Back on January 4th, when I returned to Juba (capital of South Sudan, where I’ve been living since September 1st) from three weeks of leave in Canada, I saw President Omar Bashir land, spend some time on the airstrip, and leave in a motorcade. He was making his final attempt to sway voters to vote for unity with the North, and also promising to support the South even if they vote for independence, a statement most people here feel was a total lie.

Omar Bashir's motorcade leaves Juba Airport

Things have remained calm here in Juba, despite earlier worries that the security situation might deteriorate as January 9th approached. Although the border with the North is seeing some problems, it looks like most of the South will remain stable for the moment.

On the 7th, everyone in Juba was well aware of the two days to go before the start of the referendum:

Analog countdown to South Sudan referendum
Digital countdown to South Sudan referendum

The digital countdown clock is somewhat symbolic of South Sudan’s present state of development: the clock was paid for by a Kenyan bank (the economy here is dominated by foreign-owned businesses), has suffered constant technical glitches and breakdowns since being installed in October (nearly everything in South Sudan seems to be dysfunctional to some extent), and was counting toward the great event of the referendum (seen as the culmination of a long struggle, an event that will completely change this country for the better). While South Sudan is seeing rapid development in some ways, especially in terms of infrastructure in urban areas like Juba, the norm in this country remains an agrarian one where livestock are often seen roaming the streets without any fear of the big Toyota LandCruisers trying to get from A to B (but never in a straight line).

Cattle in Juba

This morning I went with some colleagues to the largest polling station here in Juba. Along the Airport-Ministries Road, a man in a suit carried a cross around which he had wrapped the flag of South Sudan.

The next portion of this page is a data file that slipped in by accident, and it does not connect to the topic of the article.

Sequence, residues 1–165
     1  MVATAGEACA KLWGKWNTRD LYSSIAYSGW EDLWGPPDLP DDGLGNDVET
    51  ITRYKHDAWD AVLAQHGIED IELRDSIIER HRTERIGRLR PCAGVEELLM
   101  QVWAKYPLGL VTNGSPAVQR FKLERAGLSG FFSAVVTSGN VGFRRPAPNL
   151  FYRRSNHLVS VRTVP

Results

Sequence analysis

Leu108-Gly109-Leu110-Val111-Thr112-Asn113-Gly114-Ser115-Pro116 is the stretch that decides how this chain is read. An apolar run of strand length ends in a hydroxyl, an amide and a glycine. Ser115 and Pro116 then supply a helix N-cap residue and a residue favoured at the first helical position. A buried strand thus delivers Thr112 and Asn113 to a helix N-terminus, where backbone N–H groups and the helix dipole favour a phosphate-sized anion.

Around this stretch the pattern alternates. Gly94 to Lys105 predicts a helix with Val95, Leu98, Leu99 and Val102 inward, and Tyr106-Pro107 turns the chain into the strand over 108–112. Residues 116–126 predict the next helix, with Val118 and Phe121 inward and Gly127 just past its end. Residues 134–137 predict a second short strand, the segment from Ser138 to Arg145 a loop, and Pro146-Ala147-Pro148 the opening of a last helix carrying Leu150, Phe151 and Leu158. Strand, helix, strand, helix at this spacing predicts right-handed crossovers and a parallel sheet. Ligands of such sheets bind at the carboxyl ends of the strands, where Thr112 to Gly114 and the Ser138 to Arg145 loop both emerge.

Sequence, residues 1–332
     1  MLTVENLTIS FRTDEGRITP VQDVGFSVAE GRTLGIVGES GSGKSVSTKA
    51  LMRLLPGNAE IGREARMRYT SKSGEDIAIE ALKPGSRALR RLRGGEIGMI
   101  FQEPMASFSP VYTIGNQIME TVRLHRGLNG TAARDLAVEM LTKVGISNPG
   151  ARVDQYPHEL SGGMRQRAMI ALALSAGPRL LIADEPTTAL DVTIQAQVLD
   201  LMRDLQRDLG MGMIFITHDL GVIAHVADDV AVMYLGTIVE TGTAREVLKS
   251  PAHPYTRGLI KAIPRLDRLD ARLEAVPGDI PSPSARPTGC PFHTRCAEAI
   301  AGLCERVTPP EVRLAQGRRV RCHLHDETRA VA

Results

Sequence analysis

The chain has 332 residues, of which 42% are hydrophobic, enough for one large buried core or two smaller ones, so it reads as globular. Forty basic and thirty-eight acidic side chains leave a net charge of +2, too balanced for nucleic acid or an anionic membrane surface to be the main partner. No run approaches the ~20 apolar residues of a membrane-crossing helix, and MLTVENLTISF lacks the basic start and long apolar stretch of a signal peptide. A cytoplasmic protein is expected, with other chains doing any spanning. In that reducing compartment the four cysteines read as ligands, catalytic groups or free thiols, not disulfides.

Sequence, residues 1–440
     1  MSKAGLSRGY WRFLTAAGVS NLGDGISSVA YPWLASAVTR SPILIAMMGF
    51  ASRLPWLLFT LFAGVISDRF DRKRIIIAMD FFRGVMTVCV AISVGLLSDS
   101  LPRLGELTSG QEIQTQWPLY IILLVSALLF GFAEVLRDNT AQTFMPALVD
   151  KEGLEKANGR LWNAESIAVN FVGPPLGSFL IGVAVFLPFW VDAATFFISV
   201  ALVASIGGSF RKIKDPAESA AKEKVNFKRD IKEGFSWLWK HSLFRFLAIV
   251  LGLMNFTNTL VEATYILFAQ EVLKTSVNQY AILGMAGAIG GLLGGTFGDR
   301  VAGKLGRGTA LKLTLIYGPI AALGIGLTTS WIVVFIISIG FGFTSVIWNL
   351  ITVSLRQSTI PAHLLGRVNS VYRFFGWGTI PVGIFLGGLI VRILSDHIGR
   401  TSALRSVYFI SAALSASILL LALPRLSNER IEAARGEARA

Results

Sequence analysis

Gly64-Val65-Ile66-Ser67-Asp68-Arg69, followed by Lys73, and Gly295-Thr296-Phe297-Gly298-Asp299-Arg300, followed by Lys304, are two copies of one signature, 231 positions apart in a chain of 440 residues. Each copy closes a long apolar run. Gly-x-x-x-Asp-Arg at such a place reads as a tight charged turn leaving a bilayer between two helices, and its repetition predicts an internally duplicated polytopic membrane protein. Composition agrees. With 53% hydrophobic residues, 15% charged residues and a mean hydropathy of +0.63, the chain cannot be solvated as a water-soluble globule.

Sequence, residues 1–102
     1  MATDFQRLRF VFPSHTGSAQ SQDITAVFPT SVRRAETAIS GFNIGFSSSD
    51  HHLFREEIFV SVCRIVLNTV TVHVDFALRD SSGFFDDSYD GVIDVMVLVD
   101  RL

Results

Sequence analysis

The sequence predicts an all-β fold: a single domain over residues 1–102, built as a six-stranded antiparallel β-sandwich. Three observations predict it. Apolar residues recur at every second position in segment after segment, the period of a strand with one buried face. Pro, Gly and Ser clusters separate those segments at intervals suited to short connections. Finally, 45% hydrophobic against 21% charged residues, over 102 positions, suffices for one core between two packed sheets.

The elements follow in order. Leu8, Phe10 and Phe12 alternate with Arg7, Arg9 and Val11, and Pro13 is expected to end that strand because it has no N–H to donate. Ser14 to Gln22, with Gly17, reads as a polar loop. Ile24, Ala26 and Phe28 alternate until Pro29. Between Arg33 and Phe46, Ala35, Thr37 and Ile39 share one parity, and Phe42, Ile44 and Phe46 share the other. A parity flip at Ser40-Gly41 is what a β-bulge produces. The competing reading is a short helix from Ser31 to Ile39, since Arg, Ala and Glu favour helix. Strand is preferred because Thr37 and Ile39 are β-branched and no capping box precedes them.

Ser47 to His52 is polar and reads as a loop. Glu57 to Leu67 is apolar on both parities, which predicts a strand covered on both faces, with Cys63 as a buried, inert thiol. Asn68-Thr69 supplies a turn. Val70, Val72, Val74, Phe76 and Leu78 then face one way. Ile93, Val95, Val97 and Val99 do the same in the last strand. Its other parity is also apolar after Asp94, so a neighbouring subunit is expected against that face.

Secession supporter on Airport-Ministries Road in Juba

The largest polling site is at the Dr John Garang Mausoleum, where the biggest hero of the long South Sudan struggle was laid to rest after dying in a helicopter crash. The officials at the gate allowed us in, even though we’re neither elections observers nor journalists, and we were free to walk around the grounds and take photos of it all. I was really annoyed at myself for deciding to bring only my small point-and-shoot camera, and not the dSLR, as this turned out to be a rare opportunity to take photos very freely here in Juba.

Line-up at the polling station:

Queue of referendum voters at Dr John Garang Mausoleum, Juba

Many news agencies set up on-site to do live broadcasts:

News stations at the referendum polling site

Police were on hand:

Police presence at referendum polling site

We bumped into one of my security guards, who showed us the instruction sheet for voting:

Instructions for voting in the referendum

Dr John Garang’s tomb:

Dr John Garang's tomb, Juba

The covered area is where the people actually cast their votes:

Chris in front of polling station

Receiving a blank ballot:

Receiving a blank paper ballot

Many people were gathered in groups on the expansive mausoleum grounds, singing and dancing songs of independence and waving the flag of South Sudan:

Flag of South Sudan

People in Juba remain in a happy, even festive, mood, but how long will this last? Six months from now, the South will almost certainly become an independent state, but what differences will the people of South Sudan really see in their day-to-day lives? Time and again in other countries, people have been led to believe that a change of government, or the adoption of democratic voting system, or the creation of an independent state, will solve all their problems and provide an opportunity to break with the past. Here in South Sudan the statements echoed by politicians and citizens alike are all too familiar: independence will bring freedom, prosperity, etc., etc., etc.